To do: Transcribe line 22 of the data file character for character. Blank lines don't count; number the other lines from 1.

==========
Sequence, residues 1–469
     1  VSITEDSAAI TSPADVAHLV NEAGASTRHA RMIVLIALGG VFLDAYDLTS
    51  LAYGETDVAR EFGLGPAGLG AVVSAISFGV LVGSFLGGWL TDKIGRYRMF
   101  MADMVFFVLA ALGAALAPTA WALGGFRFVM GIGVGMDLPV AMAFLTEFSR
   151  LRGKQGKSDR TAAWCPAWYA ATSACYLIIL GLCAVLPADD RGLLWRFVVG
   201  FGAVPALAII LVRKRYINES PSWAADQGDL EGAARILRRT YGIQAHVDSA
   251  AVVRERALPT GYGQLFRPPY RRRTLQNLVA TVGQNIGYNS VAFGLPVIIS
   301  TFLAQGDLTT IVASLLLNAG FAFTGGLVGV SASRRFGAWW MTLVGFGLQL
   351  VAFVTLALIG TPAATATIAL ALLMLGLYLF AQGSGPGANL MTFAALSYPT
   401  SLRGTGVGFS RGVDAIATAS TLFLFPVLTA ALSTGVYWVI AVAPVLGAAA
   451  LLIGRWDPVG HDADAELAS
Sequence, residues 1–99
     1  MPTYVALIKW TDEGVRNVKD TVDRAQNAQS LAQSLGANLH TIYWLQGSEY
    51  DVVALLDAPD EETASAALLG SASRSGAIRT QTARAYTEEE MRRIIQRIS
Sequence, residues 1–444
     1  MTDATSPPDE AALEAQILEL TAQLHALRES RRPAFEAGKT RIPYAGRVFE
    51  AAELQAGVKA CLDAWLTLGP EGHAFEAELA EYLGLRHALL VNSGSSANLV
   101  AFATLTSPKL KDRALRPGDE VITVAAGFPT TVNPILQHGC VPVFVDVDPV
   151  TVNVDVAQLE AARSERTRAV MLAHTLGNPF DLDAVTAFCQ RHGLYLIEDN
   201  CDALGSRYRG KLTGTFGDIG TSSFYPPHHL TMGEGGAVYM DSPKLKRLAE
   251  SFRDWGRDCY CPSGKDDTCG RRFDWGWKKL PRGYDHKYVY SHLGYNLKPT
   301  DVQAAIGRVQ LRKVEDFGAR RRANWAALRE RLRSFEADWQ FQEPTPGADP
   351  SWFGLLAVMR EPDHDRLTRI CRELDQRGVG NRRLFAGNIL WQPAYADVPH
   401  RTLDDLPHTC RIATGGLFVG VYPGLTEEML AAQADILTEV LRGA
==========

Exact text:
   301  DVQAAIGRVQ LRKVEDFGAR RRANWAALRE RLRSFEADWQ FQEPTPGADP